I’m in touch with my OCD side when it comes to menus, leaflets and signs. Probably something to do with all those years of writing and proofreading for a living.

So, while travelling in Asia, I felt a certain attachment to many of the signs we came across in all their misspelt, grammatically all-over-the-place glory. Indeed, I would often imagine who the person was behind the particular pen or paintbrush as they inked or painted their works of art.

Some of their results were awkward, some were unintentionally funny, while others told a powerful message through their stunning simplicity.

Here’s a selection of the most memorable….

1. The ones that really needed a qualified proofreader

I’ve heard that some English-speaking westerners offer their services to proofread signs and menus for restaurants in return for the occasional free meal. And, by the look of it, there’s plenty of work to go around. Especially in India.

For instance, there was this liquor store in Jaisalmer, Rajasthan which, instead of advertising chilled beer straight from the fridge, appeared to be offering a special brew to keep the kids happy on a hot summer’s day. And it was “government authorised”, too. Not sure it’ll catch on, to be honest.

Jaisalmer Wine and Beer shop sign

2. The ones that were painfully in-your-face

Not ones for “beating about the bush”, the owners of this public toilet in The Philippines were very clear about their bodily function price structure. Although I’m not sure I’d be too keen paying the 10 pesos for a bath when there’s a good chance there’ll be somebody sitting next to me taking advantage of the other service on offer.

Philippines toilet sign
Meanwhile, any plans we had of relieving ourselves in the street were immediately shot down when we came across this sign on the outskirts of Ghandruk, a mountain village in Nepal…

Ghandruk sign

3. The ones that were overly ambiguous

Visiting Hindu temples in Bali comes with a number of etiquette rules. Such as not allowing entry to women who are menstruating or who’ve given birth during the previous six weeks. Rules that, to be honest, we struggled with as we tried to balance our sensitivity to cultural differences with the rights of women.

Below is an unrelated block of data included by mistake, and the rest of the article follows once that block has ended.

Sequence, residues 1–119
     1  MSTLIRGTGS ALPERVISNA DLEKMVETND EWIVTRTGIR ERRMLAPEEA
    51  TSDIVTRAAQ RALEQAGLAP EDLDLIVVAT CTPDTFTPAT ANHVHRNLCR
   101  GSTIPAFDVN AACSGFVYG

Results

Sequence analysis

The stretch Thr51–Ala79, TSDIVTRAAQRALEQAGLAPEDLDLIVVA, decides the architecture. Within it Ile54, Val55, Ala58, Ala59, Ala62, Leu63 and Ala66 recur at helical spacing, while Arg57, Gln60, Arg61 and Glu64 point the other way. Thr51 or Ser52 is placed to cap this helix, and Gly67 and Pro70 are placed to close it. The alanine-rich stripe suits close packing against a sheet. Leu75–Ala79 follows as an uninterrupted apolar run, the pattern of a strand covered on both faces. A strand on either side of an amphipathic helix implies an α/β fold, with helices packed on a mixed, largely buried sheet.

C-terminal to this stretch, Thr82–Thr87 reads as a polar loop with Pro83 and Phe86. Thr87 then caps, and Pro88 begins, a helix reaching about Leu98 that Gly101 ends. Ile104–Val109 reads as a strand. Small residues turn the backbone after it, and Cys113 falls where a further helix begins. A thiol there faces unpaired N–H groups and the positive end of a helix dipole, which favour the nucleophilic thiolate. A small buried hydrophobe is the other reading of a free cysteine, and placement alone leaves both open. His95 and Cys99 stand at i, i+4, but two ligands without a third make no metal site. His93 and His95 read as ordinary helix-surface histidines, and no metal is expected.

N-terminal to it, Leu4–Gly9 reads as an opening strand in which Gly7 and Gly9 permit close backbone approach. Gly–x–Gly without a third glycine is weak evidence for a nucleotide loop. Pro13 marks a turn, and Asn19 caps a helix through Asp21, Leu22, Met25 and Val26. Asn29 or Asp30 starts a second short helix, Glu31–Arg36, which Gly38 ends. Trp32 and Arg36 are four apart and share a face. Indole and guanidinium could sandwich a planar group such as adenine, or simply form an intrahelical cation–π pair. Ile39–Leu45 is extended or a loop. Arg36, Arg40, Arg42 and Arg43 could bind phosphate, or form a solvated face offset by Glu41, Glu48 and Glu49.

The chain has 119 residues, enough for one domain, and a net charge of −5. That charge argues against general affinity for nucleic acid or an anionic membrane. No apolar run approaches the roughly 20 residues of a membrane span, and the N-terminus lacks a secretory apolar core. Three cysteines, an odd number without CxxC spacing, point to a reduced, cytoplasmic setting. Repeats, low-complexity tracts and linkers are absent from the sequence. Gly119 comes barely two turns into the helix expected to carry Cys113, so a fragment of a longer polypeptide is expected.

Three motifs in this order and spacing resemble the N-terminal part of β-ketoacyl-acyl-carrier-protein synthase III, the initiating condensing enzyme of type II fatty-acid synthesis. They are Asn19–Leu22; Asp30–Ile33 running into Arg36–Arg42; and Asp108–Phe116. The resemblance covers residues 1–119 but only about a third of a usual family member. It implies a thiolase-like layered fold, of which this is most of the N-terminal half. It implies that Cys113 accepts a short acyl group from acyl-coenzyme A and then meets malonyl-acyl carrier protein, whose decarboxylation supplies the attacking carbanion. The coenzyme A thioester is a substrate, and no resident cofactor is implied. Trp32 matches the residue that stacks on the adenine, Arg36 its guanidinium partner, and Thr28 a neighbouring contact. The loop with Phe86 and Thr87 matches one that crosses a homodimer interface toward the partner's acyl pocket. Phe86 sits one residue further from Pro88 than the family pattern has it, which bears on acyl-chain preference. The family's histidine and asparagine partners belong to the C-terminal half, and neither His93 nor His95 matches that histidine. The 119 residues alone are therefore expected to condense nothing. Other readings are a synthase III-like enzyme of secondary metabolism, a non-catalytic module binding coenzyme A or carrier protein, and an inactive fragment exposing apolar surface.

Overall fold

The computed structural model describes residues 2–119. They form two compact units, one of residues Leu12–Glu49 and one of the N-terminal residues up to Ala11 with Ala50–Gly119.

This particular temple seemed to take the restrictions a step further by including “children whose first teeth have not fallen out yet”. And I’m still trying to work out how someone can get “impure due to death”.

Bali temple sign

4. The ones that were strangely poetic

You’ll inevitably come across a series of road safety signs as you drive along the high mountain passes of Northern India’s Ladakh region. And they attempt to get their message across using witticisms and rhyming couplets. Oh, and a liberal sprinkling of sexism.

Sometimes they’re borderline genius. Other times they’re cringeworthy. Such as the classic “Don’t gossip, let him drive”, which is just so wrong on many levels!

This one’s message, however, was well made…

Indian safe driving sign

5. The one that betrayed a clear social problem

The incredible nightly border closing ceremony at Wagah, on the India-Pakistan border, sees a huge gathering of locals and tourists alike in what is something resembling a carnival atmosphere. And I’m happy to report that on our visit we managed to abide by the request not to use “filthy body language” throughout.

Unfortunately, it seems that “female constables” still need to be protected from unwanted attention, according to this sign at the entrance.

Note to certain Indian men: time to get your act together.

India Border sign

6. The one that made us change our minds about getting out of the car

5,400 metres (17,600 feet) above sea level. Air as thin as hell. A biting wind and sub-zero temperatures to test the hardiest of souls. It’s claimed that Northern India’s Khardung La is the highest road in the world. So, reaching the summit would normally be an opportunity for the obligatory selfie. Maybe even snap a self-absorbed yoga pose overlooking the valley literally miles below?

Not on this day.

“Thanks for getting us here, driver. Now let’s move on.”

It’s so cold up there, even the guy who wrote the sign had to rush the spelling of “minutes”.

Khardung La sign

7. The one that should have been read at least half an hour earlier

I’ve not actually seen a “roarming” elephant but, if I did, I can imagine I’d be terrified. So, chancing upon this sign at around 6.30pm in Sigiriya, Sri Lanka you could possibly understand the anxiety that suddenly enveloped me. Thankfully any elephants that were around must have been “roarming” off somewhere else.

However, we did hear locals setting off firecrackers later that evening in an attempt to scare the wild elephants away from their crop fields. A sad indictment of the plight of these amazing creatures as they struggle to retain their natural habitat.

Sri Lankan elephant warning


8. The one we wish we’d read properly

Maybe it was the poor spelling or the willful misuse of the apostrophe, but we didn’t really pay much attention to this sign in Sumatra as we left our jungle bungalow to enjoy a beer at the bar next door. How we chuckled as we watched a family of macaques running along the rooftop with what looked like a freshly gathered bunch of rambutans. Until we realised it was the same bunch of rambutans we’d left just inside our bungalow, which had by now been ransacked.

Sumatran monkey warning

What did you think? Have you discovered any signs on your travels that have made you laugh, cry or just scratch your head? If so, we’d love to hear from you so please add your comments below. Thanks!


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